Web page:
This week I had the privilege of attending an event in Auckland where Minister of Education, Nikki Kaye, officially released the final draft of the Digital Technologies-Hangarau Matihiko Curriculum for consultation. The event was opened with a group of students from the Lynfield College Robotics club who gave an outstanding presentation about their work as a team to design and develop robots which they have been entering into various competitions since 2008 – winning multiple national and international titles in that time! One by one the group of year 11 – year 13 students gave their perspective on what contributed to the … Continue reading A shake-up for education?
December 5-11 is Computer Science Education Week, and everywhere I go there seems to be all sorts of activity going on with children in schools learning to code and use computers in interesting ways. One of the initiatives that seems to have taken off this year is Hour of Code™, and as part of this initiative the organisation I work for, CORE Education, has worked with with Microsoft, OMG Tech! and High Tech Youth support this by assisting with the development of a new Minecraft tutorial, which was developed in close partnership with Code.org. The tutorial includes Minecraft characters and … Continue reading Whakahaerehia tētahi Hour of Code Mahimaina mō tō akomanga
I’ve been reading a little lately about the notion of information fluency and digital literacy in relation to some work I’ve been doing, and came across this interesting infographic below from Denis O’Connor. It’s an interactive infographic which allows you to click on a topic and you’re taken to resources on the 21st Century Information Fluency website. I like the way the five key questions in this diagram supports an agentic approach to thinking about information fluency, with the embedded links taking you off to more information to help resolve your personal response to these questions. Could be a useful poster in … Continue reading Information Fluency
To code or not to code – that is the question that has been debated hotly for more than two decades now in many countries around the world – including New Zealand. Like many other countries, New Zealand put all of its eggs into the 'ICT and digital literacy for all" basket from 1990, when the first MoE-funded professional devleopment programmes began. That philosophy has underpinned all of the ICT-PD strategies and spending to the current day – the argument being that ICTs (or digital technologies as they're now being referred to) are a part of everyone's experience, not simply … Continue reading Computing our future…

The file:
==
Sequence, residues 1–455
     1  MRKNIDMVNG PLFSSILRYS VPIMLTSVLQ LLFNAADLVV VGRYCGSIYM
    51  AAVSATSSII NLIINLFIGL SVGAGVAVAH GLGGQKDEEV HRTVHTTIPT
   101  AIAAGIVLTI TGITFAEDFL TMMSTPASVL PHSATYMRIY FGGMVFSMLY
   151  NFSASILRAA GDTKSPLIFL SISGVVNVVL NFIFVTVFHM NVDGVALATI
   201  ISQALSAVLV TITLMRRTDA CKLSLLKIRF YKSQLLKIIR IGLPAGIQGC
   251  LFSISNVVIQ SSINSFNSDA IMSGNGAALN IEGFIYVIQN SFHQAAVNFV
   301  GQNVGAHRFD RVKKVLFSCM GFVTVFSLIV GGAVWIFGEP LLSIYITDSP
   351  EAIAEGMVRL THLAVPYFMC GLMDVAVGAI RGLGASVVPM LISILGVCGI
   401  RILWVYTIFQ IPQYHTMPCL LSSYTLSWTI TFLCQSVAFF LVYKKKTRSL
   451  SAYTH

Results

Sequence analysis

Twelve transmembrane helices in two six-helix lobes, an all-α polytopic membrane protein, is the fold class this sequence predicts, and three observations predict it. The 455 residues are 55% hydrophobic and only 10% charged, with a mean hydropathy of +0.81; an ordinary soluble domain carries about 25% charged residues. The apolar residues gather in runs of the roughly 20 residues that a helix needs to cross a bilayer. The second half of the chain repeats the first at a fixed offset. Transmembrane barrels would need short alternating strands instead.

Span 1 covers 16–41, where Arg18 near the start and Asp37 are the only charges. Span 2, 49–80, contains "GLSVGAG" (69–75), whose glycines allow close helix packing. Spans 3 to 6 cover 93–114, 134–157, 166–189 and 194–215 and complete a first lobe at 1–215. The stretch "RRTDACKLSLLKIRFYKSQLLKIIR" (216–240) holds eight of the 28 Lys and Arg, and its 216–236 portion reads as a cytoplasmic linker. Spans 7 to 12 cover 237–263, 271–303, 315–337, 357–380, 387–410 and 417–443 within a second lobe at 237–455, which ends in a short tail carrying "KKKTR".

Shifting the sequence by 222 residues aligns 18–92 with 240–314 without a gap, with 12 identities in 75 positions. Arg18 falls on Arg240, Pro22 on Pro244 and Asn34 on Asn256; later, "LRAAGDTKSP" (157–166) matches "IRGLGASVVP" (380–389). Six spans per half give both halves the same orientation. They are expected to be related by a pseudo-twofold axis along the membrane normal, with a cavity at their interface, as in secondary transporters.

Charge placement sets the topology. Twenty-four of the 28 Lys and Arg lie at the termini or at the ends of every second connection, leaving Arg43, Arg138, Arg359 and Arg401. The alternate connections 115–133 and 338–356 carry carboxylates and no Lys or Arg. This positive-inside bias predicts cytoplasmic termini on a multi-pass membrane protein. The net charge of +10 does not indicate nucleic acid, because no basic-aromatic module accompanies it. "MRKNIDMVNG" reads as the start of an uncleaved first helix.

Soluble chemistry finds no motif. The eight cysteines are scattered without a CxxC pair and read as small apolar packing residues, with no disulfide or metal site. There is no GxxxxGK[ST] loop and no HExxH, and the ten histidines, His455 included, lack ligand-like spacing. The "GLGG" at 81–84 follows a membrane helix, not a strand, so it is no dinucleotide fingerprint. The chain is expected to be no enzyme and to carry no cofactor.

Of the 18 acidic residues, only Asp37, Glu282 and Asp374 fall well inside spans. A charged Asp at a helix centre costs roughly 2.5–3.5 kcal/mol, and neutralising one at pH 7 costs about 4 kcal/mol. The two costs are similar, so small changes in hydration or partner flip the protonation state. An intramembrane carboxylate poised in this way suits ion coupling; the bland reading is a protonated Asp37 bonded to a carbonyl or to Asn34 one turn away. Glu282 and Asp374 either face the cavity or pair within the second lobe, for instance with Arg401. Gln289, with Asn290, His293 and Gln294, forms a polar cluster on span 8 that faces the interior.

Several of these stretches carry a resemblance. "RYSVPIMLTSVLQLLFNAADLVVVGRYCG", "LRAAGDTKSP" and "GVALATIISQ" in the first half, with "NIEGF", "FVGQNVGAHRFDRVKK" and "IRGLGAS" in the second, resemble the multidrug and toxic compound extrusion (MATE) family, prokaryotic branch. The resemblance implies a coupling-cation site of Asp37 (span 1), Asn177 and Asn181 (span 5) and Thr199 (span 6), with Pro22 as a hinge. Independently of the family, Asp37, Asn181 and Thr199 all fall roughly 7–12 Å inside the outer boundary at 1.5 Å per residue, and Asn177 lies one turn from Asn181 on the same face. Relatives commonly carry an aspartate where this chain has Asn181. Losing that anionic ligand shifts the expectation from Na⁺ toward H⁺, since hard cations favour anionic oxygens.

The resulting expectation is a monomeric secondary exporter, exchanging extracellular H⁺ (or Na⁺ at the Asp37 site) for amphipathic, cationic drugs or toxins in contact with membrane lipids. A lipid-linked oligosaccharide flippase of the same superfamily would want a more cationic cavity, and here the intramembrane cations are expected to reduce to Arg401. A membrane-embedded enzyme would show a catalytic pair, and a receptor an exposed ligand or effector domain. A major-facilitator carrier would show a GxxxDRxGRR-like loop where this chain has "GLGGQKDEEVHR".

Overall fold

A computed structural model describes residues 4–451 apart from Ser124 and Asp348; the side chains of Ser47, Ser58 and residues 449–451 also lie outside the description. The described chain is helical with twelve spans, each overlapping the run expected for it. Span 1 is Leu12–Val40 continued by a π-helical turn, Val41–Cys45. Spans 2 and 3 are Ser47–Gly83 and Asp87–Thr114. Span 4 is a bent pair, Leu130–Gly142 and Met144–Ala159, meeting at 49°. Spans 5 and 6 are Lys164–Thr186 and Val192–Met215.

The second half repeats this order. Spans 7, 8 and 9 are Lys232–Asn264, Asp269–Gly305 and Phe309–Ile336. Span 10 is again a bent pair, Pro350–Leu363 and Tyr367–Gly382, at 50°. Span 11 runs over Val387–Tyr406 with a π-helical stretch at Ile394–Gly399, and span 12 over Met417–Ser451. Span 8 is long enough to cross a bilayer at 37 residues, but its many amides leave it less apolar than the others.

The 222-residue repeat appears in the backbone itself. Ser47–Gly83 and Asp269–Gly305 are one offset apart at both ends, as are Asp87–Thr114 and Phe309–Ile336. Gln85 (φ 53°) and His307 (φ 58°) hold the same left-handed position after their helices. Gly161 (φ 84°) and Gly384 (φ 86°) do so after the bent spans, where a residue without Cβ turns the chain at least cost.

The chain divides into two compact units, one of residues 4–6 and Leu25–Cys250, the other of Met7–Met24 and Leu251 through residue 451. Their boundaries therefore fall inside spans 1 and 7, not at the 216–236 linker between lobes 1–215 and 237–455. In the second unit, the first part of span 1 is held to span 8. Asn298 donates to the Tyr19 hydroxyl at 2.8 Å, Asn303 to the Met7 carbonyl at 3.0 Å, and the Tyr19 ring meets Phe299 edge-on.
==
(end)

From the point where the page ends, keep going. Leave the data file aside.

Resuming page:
I came across this quote from David Rowan, editor of Wired UK on a website I visited today: Each day, according to IBM, we collectively generate 2.5 quintillion bytes — a tsunami of structured and unstructured data that’s growing, in IDC’s reckoning, at 60 per cent a year. Walmart drags a million hourly retail transactions into a database that long ago passed 2.5 petabytes; Facebook processes 2.5 billion pieces of content and 500 terabytes of data each day; and Google, whose YouTube division alone gains 72 hours of new video every minute, accumulates 24 petabytes of data in a single … Continue reading Data, data everywhere
As we prepare for the return of students to our classrooms, many teachers and schools will be considering the implications of their BYOD programmes and increased wireless access meaning more kids using digital devices in school. With such privilege comes responsibility, and a key focus for teachers, leaders and school policy makers must be on thinking through the implications of such decisions, and how this all contributes to the overall academic and personal development of our students. Jason Ohler has written extensively on using technology effectively, creatively and wisely, and is known to many NZ teachers through his keynotes and workshops … Continue reading Character education for the digital age
Computers (aka digital technologies) have been in our classrooms and schools for four decades now – almost as long as I’ve been an educator – yet still we’re trying to find a way of describing or explaining what the contribution is of these devices to the education of our young. As the use of digital technologies has become more pervasive, the focus of attention has shifted to questions about the measurement of this impact – both in terms of the contribution of digital technologies to learning, and in terms of the qualities and we deem to be desirable in the … Continue reading Our digital aspiration?